Inventory Finance: A Guide to Inventory Loans


Small business owners who need working capital to buy inventory but cannot put assets as collateral may overlook one potential resource that can help: the inventory they want to buy.

What is inventory funding?

With inventory financing, the consumables, materials, or products you purchase act as collateral securing the loan. Inventory Short-term loans and lines of credit are designed to provide quick access to cash flow for buying inventory.

How do storage loans work?

Borrowers looking to purchase inventory but do not have all of the capital needed to place an order can obtain inventory finance from lenders who specialize in this type of corporate finance.

Typically, you can borrow roughly half the value of the inventory so you still need to be able to pay the rest.

Your loan is secured by the inventory you purchased. That said, if you cannot repay the loan, the lender has an option to seize the inventory to help cover your debt. You pay back your loan like any other loan with monthly payments of up to one year including fees, interest and principal.

Advantages and disadvantages of inventory financing

Of all the loan options, there is no other that is as good as this for buying inventory. However, there are disadvantages to be aware of.


Inventory gives you the capital you need to quickly meet business expenses related to inventory purchases. If you have taken out a loan from a traditional bank, it can take weeks or months for your application to be approved. Inventory financing is quick.

The inventory you buy can help you keep your business going during a slow season when you may not have cash to make inventory purchases. Then you can repay the loan during your busy season.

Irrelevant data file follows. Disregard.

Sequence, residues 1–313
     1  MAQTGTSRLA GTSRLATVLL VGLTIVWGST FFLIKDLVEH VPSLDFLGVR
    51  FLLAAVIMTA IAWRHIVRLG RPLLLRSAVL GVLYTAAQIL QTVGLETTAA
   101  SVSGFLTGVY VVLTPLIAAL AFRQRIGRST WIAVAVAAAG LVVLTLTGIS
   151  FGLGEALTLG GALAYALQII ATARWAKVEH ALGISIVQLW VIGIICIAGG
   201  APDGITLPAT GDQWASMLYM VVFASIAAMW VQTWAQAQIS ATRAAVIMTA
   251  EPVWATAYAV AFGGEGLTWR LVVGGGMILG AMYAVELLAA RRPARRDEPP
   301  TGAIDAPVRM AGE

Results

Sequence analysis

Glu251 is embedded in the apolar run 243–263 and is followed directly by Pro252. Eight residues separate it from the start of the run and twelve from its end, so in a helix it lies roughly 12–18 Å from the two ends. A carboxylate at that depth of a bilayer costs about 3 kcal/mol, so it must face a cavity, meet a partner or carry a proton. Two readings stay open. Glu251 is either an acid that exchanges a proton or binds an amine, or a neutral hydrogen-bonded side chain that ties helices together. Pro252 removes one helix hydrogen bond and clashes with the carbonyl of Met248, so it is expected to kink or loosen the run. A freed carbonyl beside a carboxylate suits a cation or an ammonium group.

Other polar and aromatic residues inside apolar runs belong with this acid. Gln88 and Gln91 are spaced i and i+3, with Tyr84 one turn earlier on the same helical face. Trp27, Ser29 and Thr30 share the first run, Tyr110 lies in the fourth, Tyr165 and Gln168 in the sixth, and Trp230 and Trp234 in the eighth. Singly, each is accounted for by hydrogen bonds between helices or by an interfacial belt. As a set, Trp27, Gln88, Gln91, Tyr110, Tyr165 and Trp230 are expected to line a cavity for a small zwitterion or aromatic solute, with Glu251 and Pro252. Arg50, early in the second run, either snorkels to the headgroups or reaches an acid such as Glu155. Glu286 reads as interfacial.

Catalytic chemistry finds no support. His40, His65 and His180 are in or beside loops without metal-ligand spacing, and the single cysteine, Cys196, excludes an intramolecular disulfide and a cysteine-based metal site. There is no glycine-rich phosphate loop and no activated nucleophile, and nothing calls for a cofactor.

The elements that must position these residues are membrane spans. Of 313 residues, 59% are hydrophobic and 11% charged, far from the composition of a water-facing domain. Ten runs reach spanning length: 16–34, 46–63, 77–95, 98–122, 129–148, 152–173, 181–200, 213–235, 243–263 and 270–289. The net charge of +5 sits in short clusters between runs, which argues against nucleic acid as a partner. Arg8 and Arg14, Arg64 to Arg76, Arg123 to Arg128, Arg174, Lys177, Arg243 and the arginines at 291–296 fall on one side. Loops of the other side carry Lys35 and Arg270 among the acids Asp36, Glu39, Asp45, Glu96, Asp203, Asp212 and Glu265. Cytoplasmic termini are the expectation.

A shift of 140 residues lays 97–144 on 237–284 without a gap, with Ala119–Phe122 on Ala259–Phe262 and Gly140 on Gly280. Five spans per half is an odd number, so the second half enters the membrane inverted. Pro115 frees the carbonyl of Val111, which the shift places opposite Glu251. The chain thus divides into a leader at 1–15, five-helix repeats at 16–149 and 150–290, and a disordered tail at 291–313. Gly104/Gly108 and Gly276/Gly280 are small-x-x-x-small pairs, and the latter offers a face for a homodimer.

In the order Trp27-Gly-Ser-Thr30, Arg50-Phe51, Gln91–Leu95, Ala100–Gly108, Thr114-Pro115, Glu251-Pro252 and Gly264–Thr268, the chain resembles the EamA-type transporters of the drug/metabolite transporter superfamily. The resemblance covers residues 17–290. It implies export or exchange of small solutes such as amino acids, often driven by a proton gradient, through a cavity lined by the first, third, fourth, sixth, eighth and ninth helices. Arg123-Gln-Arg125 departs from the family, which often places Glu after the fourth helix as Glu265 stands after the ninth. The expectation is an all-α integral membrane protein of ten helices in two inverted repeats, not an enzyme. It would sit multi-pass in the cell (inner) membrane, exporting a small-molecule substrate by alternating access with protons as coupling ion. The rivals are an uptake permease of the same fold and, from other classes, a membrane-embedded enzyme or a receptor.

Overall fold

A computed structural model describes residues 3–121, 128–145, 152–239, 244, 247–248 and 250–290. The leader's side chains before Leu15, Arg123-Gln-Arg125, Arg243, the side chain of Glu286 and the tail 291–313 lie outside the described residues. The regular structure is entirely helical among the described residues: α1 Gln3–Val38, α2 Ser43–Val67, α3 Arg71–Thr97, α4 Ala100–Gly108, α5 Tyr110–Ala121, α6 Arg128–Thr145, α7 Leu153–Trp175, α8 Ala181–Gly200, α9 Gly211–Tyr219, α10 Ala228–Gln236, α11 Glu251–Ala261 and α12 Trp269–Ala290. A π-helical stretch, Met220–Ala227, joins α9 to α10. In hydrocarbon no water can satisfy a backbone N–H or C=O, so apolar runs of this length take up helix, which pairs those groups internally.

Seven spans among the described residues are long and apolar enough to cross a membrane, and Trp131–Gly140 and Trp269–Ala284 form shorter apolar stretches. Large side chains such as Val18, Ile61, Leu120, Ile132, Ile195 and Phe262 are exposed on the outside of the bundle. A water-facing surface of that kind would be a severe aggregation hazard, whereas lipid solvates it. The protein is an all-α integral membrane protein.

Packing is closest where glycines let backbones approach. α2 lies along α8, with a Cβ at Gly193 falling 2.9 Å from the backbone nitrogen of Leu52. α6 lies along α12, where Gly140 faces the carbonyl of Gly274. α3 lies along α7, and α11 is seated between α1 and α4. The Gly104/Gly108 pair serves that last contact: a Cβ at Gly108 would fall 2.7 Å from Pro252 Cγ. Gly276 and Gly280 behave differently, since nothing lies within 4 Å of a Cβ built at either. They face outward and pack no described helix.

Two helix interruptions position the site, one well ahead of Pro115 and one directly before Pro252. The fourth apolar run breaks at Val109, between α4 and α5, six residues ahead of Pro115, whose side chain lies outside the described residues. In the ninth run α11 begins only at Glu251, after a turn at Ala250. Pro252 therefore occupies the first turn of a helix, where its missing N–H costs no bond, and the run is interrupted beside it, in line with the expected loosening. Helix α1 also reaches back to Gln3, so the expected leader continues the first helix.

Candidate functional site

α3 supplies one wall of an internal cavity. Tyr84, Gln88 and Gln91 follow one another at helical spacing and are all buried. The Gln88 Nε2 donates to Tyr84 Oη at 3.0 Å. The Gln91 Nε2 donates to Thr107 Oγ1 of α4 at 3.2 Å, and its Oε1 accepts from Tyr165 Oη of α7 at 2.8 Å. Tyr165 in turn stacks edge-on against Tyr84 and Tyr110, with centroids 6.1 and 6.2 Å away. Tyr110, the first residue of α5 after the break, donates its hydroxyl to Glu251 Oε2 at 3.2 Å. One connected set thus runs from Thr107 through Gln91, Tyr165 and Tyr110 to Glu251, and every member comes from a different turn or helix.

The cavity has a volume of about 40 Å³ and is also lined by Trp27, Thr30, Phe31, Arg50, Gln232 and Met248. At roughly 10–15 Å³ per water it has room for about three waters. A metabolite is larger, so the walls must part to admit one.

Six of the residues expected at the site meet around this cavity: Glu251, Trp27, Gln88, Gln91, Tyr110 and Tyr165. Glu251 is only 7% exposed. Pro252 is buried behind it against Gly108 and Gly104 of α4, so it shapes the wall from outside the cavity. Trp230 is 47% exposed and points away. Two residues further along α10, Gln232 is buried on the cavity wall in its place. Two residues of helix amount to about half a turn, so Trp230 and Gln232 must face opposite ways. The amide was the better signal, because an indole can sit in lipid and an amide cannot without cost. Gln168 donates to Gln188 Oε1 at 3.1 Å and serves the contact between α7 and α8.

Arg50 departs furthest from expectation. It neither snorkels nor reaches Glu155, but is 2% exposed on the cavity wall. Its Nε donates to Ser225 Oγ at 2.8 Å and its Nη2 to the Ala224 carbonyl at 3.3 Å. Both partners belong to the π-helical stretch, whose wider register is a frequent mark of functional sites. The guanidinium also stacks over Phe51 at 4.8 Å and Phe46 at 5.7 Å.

Another benefit is that you can qualify for inventory loans even if you don’t qualify for other types of financing. So, if you’re running a startup that’s been turned down for a bank or SBA loan because of your poor credit rating, you know that it may still be an option.


The first downside to consider is that existing loans may have a higher interest rate than other types of corporate loans. If you qualify for lower interest rates on traditional bank loans, these should be considered first.

Also, these loans are usually short term loans that must be repaid within a year. If your budget can’t cover these costs, you could end up in hot water.

After all, you can only use these loans for inventory.

What types of inventory funding are there?

There are several lenders who offer different types of business inventory finance.

Existing line of credit

Unless you’re looking for a lump sum to buy inventory with, consider a line of business credit. You’re approved for a certain credit limit, but you can borrow and repay up to that full amount. This is great when you have an ongoing need for inventory shopping.


Some lenders specialize in inventory factoring. In this case, you are selling your orders or accounts receivable to buy the inventory you need to fulfill the order. The lender charges a fee.

Credit cards